Tourette’s syndrome is a disorder that causes uncontrollable movements and vocal sounds called tics. It often shows up in early childhood and improves in adulthood. Tics can be mild or severe. About 200,000 people in the U.S. have a severe form of Tourette syndrome.
In the article, you will find what is Tourette syndrome, what are Tourette’s syndrome causes, what are the symptoms of Tourette syndrome, and finally how to treat Tourette syndrome traditionally and naturally.
A tic is an unexpected, repetitive, non-rhythmic mechanical movement or phonation involving distinct muscle groups. Tics may be invisible to the viewer, such as abdominal tension or crunching toes. Common motor and phonic tics are blinking of the eyes and clearing of the throat, respectively.
It is named by Georges Gilles de la Tourette, who first described the disorder in 1885. The English author Samuel Johnson may have suffered from a form of the disorder, based on contemporary descriptions of his facial tics and of the strange vocalizations interrupting his normal speech.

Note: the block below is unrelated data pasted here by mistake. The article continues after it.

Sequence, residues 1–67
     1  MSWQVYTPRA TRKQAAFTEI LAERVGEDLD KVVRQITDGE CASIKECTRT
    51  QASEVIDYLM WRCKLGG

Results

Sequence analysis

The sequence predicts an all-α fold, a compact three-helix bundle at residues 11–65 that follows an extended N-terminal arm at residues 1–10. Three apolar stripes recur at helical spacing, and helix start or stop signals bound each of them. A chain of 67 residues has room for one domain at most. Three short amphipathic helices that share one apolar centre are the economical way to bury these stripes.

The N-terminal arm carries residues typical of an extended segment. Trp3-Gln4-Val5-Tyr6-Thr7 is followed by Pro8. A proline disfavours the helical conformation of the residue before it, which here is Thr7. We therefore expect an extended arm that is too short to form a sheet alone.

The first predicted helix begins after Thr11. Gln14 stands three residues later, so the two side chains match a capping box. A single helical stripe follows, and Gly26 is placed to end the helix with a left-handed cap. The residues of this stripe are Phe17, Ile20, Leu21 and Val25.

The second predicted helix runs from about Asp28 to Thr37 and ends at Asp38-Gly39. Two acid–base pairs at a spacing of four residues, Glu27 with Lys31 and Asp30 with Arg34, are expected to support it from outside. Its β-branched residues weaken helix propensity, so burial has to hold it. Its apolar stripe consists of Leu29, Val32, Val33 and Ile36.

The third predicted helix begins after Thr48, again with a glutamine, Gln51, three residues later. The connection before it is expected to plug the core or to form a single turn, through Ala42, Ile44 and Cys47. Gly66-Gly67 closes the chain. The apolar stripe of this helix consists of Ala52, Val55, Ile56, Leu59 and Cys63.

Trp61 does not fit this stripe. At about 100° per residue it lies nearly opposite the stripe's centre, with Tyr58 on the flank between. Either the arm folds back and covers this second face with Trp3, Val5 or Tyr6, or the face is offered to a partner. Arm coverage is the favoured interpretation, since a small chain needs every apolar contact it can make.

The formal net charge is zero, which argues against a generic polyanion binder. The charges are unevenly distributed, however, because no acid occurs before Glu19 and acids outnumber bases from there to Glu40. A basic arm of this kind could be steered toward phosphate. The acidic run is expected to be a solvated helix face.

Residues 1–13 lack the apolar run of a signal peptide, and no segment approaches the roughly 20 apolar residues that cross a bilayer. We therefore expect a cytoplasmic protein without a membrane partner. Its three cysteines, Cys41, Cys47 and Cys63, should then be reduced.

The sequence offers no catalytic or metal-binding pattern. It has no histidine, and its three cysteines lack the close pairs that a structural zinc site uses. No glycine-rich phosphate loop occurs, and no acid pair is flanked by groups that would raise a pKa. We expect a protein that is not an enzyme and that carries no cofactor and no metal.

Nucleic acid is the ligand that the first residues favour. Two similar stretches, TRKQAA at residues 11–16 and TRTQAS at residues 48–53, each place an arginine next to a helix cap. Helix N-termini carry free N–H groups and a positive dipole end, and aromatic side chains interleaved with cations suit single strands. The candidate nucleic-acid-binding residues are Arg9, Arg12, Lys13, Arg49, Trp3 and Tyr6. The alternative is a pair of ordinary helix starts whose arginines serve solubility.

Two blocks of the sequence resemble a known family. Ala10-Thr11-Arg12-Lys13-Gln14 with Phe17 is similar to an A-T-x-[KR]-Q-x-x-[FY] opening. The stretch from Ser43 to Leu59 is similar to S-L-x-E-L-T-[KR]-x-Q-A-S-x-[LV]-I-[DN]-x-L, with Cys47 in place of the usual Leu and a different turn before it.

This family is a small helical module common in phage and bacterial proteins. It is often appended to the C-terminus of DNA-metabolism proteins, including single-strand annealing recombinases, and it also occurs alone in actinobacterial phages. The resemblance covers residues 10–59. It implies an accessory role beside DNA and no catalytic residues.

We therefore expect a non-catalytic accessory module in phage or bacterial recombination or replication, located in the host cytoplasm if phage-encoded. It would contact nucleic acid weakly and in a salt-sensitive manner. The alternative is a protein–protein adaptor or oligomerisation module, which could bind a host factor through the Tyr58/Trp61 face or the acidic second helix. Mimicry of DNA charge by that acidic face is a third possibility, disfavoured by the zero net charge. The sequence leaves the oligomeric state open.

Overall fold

The onset of Tourette syndrome usually occurs between the ages of 2 and 15 and continues into adulthood. Motor tics precede phonic tics in about 80 percent of the cases. Individuals with milder forms of the disorder may exhibit either motor or phonic tics but not both.
Tourette syndrome (TS) is a neurological disorder that affects the brain and nerves. TS causes a person to make sudden movements or sounds called “tics.” Tics are involuntary, so you can’t control or prevent them. Motor tics involve body movements, like shoulder shrugging. Vocal tics involve the voice, like throat clearing. Motor tics tend to develop before vocal tics.
Tourette syndrome, or Tourette’s, usually develops in early childhood. It often improves as you become an adult. Tourette syndrome is the most severe type of tic disorder.
Causes of tics syndrome
The exact Tourette’s syndrome causes are unknown, but it appears to stem from a problem in the basal ganglia, the part of the brain that is responsible for involuntary movements, emotion, and learning.